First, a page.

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Evidence-Based Complementary and Alternative Medicine
Volume 2015, Article ID 451828, 6 pages
Research Article

Effects of Total Ginsenosides on the Feeding Behavior and Two Enzymes Activities of Mythimna separata (Walker) Larvae

1College of Chinese Medicinal Materials, Jilin Agricultural University, Changchun 130118, China
2Tianjin University of Traditional Chinese Medicine, Tianjin 300193, China

Received 30 May 2014; Revised 26 August 2014; Accepted 24 September 2014

Academic Editor: Shilin Chen

Copyright © 2015 Ai-Hua Zhang et al. This is an open access article distributed under the Creative Commons Attribution License, which permits unrestricted use, distribution, and reproduction in any medium, provided the original work is properly cited.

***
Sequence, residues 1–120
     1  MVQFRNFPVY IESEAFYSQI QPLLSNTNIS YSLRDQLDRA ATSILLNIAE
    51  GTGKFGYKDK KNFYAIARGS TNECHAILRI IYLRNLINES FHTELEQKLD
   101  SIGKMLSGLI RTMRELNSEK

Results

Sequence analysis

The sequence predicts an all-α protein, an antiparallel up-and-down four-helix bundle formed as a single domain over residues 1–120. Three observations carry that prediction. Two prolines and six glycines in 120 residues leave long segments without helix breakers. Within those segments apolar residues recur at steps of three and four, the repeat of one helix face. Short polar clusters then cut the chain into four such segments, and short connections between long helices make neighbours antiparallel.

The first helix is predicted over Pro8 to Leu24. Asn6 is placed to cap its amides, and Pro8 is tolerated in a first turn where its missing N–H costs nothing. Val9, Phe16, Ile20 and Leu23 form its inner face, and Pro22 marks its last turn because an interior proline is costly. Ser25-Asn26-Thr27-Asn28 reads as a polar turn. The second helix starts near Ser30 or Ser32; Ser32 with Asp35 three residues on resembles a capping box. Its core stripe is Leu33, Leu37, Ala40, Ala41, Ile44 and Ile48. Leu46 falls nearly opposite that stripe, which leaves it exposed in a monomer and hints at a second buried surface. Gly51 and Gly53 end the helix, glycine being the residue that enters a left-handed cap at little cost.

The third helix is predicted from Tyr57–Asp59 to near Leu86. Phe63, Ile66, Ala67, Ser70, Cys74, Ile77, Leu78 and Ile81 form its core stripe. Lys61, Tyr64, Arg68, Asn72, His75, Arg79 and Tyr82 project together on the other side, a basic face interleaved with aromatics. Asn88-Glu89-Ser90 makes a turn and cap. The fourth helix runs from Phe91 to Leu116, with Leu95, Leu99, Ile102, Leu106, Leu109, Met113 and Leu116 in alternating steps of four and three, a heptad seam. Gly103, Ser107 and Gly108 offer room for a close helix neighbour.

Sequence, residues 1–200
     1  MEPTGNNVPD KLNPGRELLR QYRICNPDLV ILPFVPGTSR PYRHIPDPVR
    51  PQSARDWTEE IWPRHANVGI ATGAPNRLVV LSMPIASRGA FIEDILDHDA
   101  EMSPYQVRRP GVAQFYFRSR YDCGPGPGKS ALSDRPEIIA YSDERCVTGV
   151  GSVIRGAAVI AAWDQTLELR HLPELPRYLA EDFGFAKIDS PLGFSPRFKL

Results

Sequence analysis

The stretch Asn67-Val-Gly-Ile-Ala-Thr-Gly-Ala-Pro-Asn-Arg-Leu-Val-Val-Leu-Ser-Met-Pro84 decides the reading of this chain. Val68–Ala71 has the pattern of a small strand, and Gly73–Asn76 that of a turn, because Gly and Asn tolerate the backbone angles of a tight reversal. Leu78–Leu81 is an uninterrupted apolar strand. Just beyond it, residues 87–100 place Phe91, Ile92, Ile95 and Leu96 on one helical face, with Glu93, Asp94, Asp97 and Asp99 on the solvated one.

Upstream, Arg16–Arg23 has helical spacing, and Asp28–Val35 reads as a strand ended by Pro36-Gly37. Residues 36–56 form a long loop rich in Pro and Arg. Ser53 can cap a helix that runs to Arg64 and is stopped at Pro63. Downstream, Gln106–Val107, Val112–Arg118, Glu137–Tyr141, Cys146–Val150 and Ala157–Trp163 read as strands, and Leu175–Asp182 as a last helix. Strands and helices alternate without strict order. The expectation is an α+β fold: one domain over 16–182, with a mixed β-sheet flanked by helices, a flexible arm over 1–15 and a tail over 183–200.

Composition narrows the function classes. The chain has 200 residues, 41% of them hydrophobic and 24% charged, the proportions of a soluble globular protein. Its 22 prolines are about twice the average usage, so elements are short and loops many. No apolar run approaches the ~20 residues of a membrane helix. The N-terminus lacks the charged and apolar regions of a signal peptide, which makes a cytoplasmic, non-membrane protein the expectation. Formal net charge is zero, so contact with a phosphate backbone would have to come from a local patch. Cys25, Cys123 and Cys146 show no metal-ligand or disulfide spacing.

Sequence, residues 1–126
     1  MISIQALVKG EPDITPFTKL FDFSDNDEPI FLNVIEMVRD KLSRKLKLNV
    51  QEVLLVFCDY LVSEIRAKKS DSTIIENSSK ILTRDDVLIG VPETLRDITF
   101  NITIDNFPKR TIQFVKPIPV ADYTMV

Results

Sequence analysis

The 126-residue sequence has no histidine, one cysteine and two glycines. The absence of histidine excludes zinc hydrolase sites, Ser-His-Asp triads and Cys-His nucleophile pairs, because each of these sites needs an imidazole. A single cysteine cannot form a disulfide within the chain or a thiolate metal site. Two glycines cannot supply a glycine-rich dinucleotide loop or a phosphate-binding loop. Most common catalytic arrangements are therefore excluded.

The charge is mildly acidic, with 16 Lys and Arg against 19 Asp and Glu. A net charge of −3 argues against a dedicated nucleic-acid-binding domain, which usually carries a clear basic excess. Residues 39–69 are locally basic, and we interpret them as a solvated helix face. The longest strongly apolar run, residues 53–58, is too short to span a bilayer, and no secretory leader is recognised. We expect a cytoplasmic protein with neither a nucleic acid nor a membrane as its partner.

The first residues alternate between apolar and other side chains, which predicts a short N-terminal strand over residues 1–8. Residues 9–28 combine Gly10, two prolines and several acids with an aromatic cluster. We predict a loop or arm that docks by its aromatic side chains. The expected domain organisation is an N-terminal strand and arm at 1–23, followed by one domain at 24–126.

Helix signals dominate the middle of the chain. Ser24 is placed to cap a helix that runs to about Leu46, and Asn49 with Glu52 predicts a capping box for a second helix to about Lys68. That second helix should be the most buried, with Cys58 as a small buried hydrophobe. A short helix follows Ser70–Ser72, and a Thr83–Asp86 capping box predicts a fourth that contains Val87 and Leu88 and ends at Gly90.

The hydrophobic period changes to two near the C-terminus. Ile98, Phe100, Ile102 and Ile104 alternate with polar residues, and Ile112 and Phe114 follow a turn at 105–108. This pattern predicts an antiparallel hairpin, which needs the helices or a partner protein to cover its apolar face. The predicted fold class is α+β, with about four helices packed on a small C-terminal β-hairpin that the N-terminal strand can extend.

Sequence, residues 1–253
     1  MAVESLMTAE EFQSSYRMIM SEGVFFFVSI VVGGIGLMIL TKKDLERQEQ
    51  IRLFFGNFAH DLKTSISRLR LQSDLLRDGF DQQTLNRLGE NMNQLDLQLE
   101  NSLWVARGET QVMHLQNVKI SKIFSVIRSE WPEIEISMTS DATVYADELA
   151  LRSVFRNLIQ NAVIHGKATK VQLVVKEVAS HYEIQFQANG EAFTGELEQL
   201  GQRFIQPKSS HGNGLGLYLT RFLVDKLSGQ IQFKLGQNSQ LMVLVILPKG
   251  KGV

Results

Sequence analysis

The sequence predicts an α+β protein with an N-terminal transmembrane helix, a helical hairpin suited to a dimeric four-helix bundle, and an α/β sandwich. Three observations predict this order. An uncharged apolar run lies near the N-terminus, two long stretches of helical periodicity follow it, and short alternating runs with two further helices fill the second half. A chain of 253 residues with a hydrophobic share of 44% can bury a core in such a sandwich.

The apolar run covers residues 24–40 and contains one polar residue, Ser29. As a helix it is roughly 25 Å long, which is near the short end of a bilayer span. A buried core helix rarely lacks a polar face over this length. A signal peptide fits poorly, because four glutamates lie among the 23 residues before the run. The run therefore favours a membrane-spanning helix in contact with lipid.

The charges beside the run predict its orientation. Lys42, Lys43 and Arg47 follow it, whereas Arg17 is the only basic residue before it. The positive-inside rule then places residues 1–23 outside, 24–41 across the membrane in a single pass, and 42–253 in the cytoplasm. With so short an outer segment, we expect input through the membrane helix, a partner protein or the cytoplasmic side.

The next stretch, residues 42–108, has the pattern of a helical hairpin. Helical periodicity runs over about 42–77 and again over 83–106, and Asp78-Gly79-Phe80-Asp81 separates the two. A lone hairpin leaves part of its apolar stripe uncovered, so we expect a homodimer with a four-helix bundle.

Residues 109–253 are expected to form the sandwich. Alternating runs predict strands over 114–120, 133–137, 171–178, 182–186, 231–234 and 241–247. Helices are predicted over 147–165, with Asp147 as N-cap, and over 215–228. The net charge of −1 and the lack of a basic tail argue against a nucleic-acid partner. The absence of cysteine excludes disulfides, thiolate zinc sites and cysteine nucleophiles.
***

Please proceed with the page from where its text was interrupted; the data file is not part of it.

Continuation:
Ginsenosides, the main effective components of Panax ginseng C.A. Meyer and Panax quinquefolius L., are important allelochemicals of ginseng. Although many studies have targeted the pharmacological, chemical, and clinical properties of ginsenosides, little is known about their ecological role in ginseng population adaptation and evolution. Pests rarely feed on ginseng, and it is not known why. This study investigated the effects of total ginsenosides on feeding behavior and activities of acetylcholinesterase (AChE) and glutathione s-transferase (GST) in Mythimna separata (Walker) larvae. The results showed that the total ginsenosides had significant antifeeding activity against M. separata larvae, determined by nonselective and selective antifeeding bioassays. In addition, the total ginsenosides had inhibitory effects on the activities of GST and AChE. The antifeeding ratio was the highest at 8 h, then decreased, and was the lowest at 16 h. Both GST and AChE activities decreased from 0 h to 48 h in all total ginsenosides treatments but increased at 72 h. Total ginsenosides had antifeeding activity against M. separata larvae and inhibitory effects on the activities of GST and AChE.